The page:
Written for -- but not read at! -- the October 2003 Kuha-Welter family Halloween Party. The story was re-written as "The Boar Man" when Daphne announced she was ready for something truly scary!
Recently I was introduced to the oeuvre of Hieronymus Bosch, a sixteenth-century Dutch painter best known for his frightening and bizarre portraits of Hell, Heaven, and the "Garden of Earthly Delights." This story, and the companion story, "The Boar Man," were inspired by his work.
In "The Shivers," a church youth group quietly rebel against their parents and seek escape from the drudgery of suburban life in weekly graveyard séances.
Jake and Val had been best friends since the second grade. That was when Jake’s family moved to Edina and started going to Our Savior’s. They had been in the same Sunday school class, and a lot of the other kids made fun of Val because she was fat. Jake, being left out because he was the new kid and because he was sort of a nerd, made friends with her. It turned out that Val’s family lived not too far from Jake’s, so for most of his years in grade school and junior high, they had hung out together at school as well. She was intelligent and interested in a lot of the things Jake was interested in (like astronomy and computers), so even though he never really thought of her as a girl friend, they did a lot of things together, like helping each other out with their homework, going to the planetarium, or playing games with each other over the Internet. That all changed in high school.
Toward the end of junior high, Val got taller and lost weight until one day Jake actually noticed that you couldn’t really call her “fat” anymore. In fact, he actually decided she looked pretty. Their first day of high school, they were supposed to meet in study hall, just like they always had in junior high, but he waited for her, and waited and waited, and she never showed up. And when he asked her about it later she said she’d been “busy,” but wouldn’t say more about it than that. She never met him in study hall again. Two days later he saw her wearing a dress and make-up, and hanging out with Katie Johanssen, Jolene McDonald, and Michelle Krebs, three of the most popular girls in high school. She still sat next to him in Sunday school at church; in fact, church was the only place he saw her any more. But she didn’t talk to him much even there, and at school she wouldn’t wave back at him while passing by in the hallway, much less meet him for lunch or talk to him in class. She was always “too busy” to do stuff with him after school. It finally dawned on Jake that he just plain didn't have a friend any more, and that was a very lonely realization.
So Jake was surprised when one day after church, Val (who called herself “Valerie” now) approached him in the parking lot of Our Savior’s.
“How would you like to come to a party?” she asked.
Jake had been very angry with Val, right up until this minute. Now all he was thinking was how he wished he and Val could be friends again. “A party?” he asked.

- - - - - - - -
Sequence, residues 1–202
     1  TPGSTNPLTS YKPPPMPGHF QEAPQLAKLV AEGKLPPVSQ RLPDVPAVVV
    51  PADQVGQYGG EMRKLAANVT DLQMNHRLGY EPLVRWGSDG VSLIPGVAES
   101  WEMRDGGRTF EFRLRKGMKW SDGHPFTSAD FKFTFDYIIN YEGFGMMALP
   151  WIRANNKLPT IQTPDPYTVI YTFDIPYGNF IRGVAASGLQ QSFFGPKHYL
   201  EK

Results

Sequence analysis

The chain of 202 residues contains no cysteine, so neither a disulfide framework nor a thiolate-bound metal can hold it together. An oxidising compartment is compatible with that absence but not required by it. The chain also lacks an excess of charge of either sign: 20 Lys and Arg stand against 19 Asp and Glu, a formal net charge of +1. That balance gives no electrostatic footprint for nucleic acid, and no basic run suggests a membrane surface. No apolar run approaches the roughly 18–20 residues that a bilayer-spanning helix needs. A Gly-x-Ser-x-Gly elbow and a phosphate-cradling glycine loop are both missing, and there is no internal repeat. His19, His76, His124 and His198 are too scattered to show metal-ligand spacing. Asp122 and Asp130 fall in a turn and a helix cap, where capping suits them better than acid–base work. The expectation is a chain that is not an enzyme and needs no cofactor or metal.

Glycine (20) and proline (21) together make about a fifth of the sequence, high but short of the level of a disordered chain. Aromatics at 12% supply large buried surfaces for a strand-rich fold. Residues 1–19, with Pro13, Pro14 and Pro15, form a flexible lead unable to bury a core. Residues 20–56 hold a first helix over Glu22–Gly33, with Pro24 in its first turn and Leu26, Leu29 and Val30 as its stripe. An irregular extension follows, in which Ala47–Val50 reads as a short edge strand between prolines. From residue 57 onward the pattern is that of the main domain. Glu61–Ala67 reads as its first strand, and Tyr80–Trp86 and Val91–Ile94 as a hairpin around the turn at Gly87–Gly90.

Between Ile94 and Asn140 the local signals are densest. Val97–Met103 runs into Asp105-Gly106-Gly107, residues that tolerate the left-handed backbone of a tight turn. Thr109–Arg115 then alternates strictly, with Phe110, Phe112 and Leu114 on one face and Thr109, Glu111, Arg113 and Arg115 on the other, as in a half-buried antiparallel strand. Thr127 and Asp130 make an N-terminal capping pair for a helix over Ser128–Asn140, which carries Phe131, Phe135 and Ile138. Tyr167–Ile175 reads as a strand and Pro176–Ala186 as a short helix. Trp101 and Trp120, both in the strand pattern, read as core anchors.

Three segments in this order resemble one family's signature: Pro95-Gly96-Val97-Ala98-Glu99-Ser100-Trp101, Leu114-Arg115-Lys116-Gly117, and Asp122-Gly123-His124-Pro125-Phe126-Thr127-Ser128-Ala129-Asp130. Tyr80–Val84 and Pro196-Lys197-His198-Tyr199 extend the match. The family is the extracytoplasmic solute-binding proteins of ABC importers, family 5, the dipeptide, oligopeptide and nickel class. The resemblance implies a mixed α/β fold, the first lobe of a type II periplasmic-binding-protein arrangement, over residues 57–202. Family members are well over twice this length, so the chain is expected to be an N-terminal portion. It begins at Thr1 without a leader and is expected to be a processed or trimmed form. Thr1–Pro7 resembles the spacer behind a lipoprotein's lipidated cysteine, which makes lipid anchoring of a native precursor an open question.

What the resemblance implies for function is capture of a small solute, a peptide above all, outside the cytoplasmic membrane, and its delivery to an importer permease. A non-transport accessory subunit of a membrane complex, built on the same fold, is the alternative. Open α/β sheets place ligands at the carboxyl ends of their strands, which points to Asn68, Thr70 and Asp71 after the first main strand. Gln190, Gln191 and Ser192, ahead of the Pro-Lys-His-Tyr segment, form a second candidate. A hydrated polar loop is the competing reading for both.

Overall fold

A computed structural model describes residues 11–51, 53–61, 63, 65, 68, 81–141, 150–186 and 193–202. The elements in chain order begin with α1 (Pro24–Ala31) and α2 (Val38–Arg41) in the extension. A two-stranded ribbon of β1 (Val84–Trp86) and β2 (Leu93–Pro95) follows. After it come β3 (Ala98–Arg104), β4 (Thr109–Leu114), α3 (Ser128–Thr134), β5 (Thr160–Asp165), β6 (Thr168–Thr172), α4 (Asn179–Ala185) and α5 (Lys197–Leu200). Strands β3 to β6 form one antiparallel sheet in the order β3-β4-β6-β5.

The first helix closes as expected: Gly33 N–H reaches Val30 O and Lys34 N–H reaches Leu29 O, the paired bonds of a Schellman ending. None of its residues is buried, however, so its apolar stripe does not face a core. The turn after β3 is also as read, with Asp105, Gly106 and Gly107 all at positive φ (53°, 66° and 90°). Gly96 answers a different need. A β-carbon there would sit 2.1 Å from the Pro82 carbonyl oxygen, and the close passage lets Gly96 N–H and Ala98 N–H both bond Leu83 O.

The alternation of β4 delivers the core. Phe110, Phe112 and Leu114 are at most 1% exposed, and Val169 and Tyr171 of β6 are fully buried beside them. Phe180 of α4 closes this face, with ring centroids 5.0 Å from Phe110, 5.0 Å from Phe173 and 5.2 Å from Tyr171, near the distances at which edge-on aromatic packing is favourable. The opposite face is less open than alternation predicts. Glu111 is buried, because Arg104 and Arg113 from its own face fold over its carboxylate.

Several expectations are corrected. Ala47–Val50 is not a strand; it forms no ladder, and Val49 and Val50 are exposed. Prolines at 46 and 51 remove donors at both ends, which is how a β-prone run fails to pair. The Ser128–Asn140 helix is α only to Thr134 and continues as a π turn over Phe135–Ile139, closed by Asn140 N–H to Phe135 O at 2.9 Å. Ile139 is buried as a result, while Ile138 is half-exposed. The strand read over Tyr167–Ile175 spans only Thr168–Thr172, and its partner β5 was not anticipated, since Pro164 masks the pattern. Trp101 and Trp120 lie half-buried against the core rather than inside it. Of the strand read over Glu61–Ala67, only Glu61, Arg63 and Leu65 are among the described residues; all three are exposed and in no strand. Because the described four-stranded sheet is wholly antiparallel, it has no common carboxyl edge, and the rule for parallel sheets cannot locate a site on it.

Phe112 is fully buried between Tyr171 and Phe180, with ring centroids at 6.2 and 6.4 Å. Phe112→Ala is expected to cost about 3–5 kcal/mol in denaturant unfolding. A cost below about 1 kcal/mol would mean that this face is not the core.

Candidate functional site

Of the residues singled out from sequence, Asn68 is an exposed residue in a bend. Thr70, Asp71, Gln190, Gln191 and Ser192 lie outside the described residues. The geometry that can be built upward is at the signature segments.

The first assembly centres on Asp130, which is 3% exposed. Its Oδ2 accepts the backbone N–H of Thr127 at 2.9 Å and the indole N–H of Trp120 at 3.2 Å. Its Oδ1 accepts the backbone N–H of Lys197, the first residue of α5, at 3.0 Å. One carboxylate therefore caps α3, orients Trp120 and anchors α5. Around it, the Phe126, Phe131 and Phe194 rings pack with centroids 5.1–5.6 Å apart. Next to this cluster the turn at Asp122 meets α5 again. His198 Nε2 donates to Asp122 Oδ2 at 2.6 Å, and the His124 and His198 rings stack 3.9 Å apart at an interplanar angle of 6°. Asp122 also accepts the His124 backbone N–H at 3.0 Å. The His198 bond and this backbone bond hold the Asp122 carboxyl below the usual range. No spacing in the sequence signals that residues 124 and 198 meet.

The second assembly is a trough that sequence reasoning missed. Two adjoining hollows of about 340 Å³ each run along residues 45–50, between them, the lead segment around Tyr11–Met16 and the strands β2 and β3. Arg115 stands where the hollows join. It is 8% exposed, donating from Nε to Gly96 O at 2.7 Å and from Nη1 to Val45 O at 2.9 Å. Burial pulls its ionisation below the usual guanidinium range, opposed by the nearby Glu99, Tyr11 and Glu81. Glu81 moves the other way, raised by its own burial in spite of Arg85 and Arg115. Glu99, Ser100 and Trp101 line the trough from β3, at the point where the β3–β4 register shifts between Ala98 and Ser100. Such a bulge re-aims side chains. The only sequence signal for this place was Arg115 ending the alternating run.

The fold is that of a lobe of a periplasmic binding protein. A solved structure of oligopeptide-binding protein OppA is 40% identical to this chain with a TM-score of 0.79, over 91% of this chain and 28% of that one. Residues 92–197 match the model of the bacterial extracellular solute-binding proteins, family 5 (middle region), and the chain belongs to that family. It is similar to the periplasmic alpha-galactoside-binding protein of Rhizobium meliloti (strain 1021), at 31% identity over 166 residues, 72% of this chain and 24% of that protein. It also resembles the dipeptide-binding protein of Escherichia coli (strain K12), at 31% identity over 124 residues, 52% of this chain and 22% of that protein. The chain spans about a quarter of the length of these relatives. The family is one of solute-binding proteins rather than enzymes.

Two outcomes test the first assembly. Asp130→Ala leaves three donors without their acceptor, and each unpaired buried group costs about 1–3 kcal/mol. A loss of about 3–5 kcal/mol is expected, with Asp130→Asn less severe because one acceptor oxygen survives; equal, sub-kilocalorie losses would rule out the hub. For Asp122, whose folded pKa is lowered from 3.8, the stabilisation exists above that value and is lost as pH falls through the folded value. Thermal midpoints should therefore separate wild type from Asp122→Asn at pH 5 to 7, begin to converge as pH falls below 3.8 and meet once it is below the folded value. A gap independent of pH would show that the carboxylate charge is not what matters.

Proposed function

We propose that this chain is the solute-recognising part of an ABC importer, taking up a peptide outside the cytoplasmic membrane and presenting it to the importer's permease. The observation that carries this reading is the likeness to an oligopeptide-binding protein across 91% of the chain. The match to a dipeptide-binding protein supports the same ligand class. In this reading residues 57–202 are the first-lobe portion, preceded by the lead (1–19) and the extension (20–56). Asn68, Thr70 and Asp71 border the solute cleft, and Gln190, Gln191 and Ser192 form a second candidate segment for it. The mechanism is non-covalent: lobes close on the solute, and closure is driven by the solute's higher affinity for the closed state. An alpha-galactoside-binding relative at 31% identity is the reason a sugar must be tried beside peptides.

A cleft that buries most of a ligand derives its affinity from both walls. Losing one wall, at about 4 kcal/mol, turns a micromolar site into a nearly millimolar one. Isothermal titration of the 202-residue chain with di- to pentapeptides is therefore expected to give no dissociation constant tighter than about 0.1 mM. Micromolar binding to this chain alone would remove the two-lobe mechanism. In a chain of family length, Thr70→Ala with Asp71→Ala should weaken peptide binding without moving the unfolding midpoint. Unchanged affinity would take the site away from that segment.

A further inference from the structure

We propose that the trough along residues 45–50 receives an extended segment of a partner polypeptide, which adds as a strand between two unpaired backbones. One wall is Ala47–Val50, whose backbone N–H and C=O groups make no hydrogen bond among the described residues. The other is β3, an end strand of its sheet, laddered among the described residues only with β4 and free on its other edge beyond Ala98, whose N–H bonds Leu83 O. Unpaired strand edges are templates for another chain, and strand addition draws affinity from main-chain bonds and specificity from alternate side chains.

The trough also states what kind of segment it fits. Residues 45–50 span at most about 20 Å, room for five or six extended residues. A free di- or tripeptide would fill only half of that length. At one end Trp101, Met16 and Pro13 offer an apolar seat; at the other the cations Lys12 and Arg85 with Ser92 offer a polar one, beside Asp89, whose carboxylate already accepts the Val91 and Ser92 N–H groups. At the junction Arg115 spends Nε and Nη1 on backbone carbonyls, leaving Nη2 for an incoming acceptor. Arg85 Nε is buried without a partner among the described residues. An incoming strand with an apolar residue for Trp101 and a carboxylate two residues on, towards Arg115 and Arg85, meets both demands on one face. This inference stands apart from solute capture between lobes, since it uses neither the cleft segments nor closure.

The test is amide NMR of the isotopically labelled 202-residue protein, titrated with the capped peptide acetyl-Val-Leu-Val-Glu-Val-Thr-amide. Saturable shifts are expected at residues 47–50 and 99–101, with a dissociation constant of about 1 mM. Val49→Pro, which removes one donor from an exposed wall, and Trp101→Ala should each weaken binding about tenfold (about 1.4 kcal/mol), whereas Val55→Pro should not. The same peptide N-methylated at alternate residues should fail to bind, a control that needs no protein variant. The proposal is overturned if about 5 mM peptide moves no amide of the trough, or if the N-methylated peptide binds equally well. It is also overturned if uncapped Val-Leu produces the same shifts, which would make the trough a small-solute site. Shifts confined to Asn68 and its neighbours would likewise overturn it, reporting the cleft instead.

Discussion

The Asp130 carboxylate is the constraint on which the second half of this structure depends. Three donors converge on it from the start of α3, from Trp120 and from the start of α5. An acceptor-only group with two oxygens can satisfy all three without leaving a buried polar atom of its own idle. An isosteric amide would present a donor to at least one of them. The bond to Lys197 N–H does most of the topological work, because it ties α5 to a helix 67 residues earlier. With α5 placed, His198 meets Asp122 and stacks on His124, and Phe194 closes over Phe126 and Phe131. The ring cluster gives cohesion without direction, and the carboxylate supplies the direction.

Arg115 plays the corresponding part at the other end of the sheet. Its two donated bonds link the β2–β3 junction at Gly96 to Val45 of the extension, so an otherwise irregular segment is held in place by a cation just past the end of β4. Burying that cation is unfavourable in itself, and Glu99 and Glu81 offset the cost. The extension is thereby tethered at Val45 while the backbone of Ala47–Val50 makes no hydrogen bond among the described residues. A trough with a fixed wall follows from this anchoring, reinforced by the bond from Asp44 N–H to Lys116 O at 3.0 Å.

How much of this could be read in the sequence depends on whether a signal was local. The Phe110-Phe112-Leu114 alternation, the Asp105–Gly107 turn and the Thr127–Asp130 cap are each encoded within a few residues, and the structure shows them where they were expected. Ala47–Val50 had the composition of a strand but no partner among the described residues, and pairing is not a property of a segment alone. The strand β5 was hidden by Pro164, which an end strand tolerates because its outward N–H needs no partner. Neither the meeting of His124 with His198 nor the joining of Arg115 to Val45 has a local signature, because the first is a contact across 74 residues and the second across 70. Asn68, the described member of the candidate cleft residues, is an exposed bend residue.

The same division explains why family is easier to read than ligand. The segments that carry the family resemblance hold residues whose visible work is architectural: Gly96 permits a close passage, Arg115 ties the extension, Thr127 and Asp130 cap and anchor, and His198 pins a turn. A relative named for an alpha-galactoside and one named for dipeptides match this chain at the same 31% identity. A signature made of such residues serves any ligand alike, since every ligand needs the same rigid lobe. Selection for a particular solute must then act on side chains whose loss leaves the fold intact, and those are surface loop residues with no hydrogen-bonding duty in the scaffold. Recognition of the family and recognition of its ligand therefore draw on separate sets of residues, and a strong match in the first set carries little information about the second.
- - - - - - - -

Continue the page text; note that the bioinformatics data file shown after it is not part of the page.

She looked over her shoulder and lowered her voice as the Nygren family ambled out of the church. “A Shivers Party.”
“What the heck is a ‘Shivers Party’?” Jake asked.
“I can’t describe it. You have to experience it,” said Valerie. “Oh, and there’s something else,” she added in a whisper, “You can’t tell your parents.”
“How am I supposed to come to a party without telling my parents?”
“Just tell them you’re... Doing homework at my house!”
That hurt. Jake didn’t understand why she wouldn’t really invite him over to do homework like they used to. Lying to his parents to go to a party seemed cheap. And then it occurred to him it had been so long since he and Val had done anything together, would his parents even believe such a lie?
“I don’t know,” Jake said.
“Come on, it’ll be fun. You'll see,” said Valerie, grabbing him by the hand.
When she took his hand, he went all wobbly inside. He would have said yes, even if she had suggested eating horse poop at the state fair or jumping off the IDS Tower in a Superman cape. “OK,” he said, under her spell.
With that, she laughed and kissed him on the cheek and whispered in his ear (which made him go even more wobbly): “Meet us in Minneapolis at the corner of Lake and Cedar at seven o’clock on Friday night.”
At the corner of Lake and Cedar? That hurt even more than her asking him to pretend they were doing homework together. He wasn’t even going to her house? But before he had a chance to ask any more questions, Val was gone.
Jake fretted for the whole week about what might happen if his parents disbelieved his story about “studying” with Val Friday night. It did not help that Val continued to ignore him at school. He kept telling himself their friendship was dead and over. But then curiosity and the thought of Val got the better of him. He would go, he told himself, “Just to see what this thing is all about.” As of Friday morning, he had still said nothing to his parents and was still arguing with himself about it and almost convincing himself not to go, when, as he gathered books from his locker for first period, he felt someone’s breath on his ear and heard a sweet voice whisper, “Are you coming tonight?”
He turned to see Val wearing a tight white fall sweater and her hair tied up in a pony tail, a style he wasn’t used to seeing her in. She was beautiful. “Yes! Of course!” he whispered back.